Review: Rosenkreuzstilette (PC)

Yes, you’re reading the title correctly. It roughly translates to “Blades of the Rose Cross“, but for some reason Rosenkreuzstilette holds onto its original title despite the release otherwise housing English text. However, I’m sure you’re more likely to question the game content than just the title. Your eyes won’t be deceiving you, either; this game is Mega Man with anime girls. It’s to a degree that I don’t even know how the developers got away with doing this, but I guess it isn’t like Capcom is bothering to do anything with the franchise anyway.


At some point in the past, a Holy Empire and Orthodox Church persecuted magic-users known as Magi. One magic-user named Rosenkreuz led eight others into a battle for their freedom and rights. He died in the midst of the battle, but his dream for Magic to be a branch of the Empire’s military was achieved. Still, Commander of RKS Count Michael Zeppelin ordered a strike against the Empire. One Magi under the name of Spiritia Rosenberg – or Tia for short – happened to be away when the order was issued, and as devastated as she was by the turn of events, she set out to fight for everlasting peac-I mean, quell the rebellion.

This is the best the exposition can be summed up, because my God there is a LOT that is told throughout the game! There is so much dialogue that it became rather cumbersome to follow up on. Each of the characters have their own unique personalities, and they all have a common goal: To rebel against the idea that those with powers are being ordered around by those that don’t. There is some solid characterization and writing filled with depth, but it might be kind of overwhelming for the crowd Rosenkreuzstilette is aimed at: Mega Man fans. After all, Mega Man stories are usually at a minimum as it otherwise lets players hop right into the meat of the game. Fortunately, Rosenkreuzstilette does have an Arcade Mode in case you don’t want to have to keep skipping all of the lore to get to action.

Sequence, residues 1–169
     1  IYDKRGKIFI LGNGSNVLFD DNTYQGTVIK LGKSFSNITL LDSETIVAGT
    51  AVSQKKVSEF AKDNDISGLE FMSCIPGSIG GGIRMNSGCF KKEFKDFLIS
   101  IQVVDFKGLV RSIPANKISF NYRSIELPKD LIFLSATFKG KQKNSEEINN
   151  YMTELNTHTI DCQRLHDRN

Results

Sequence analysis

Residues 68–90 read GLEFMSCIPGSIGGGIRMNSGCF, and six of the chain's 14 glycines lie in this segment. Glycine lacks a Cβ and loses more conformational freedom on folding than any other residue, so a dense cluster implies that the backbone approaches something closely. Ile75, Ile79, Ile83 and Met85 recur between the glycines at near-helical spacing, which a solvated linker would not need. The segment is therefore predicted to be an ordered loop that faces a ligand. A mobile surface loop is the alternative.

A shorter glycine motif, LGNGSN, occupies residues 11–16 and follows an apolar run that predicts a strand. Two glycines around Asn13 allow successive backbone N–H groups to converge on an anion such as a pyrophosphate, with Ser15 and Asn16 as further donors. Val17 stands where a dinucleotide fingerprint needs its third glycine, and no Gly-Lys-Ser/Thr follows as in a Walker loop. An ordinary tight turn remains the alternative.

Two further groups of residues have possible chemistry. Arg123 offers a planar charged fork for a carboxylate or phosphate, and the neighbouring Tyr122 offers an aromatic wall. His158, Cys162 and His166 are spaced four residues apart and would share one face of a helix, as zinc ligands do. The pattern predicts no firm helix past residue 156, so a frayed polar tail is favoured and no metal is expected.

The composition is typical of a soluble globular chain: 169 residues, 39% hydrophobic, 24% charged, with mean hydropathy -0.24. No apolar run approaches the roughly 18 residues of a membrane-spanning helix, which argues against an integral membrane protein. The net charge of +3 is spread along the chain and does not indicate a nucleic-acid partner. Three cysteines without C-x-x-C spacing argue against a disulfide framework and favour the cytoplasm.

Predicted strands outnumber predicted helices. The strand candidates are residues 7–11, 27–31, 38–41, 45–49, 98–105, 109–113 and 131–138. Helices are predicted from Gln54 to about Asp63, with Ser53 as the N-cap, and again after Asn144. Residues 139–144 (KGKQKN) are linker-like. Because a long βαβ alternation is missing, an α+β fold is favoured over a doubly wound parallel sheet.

Rosenkreuzstilette looks really impressive. As self-explanatory as it may sound, it’s like if Mega Man 8 got injected with a heavy dose of anime. The sprites and tiles are richly detailed, and the visual effects do a superb job at making the levels constantly feel alive and kinetic. The Gothic scenery also can make one think of the Castlevania games, particularly Symphony of the Night. All in all, the production values in this game are way beyond what anyone may expect from a clone of a beloved game series.


They even go as far as to have voice acting for several of the characters. Granted, the text dialogue isn’t voiced (and they are only in Japanese), but the characters have a lot of one-liners and audible grunts. That isn’t to say they outweigh the sound effects and music in the game, though. The former has as much of an impact as that of the series the game takes inspiration from. Powerful attacks have a delicious crunch to them, and sounds like Tia’s jumping are endearing. I also dig the soundtrack; it’s filled with diverse melodies that rival that of Mega Man‘s later entries. They sure as heck are superior to whatever was in Mighty No. 9.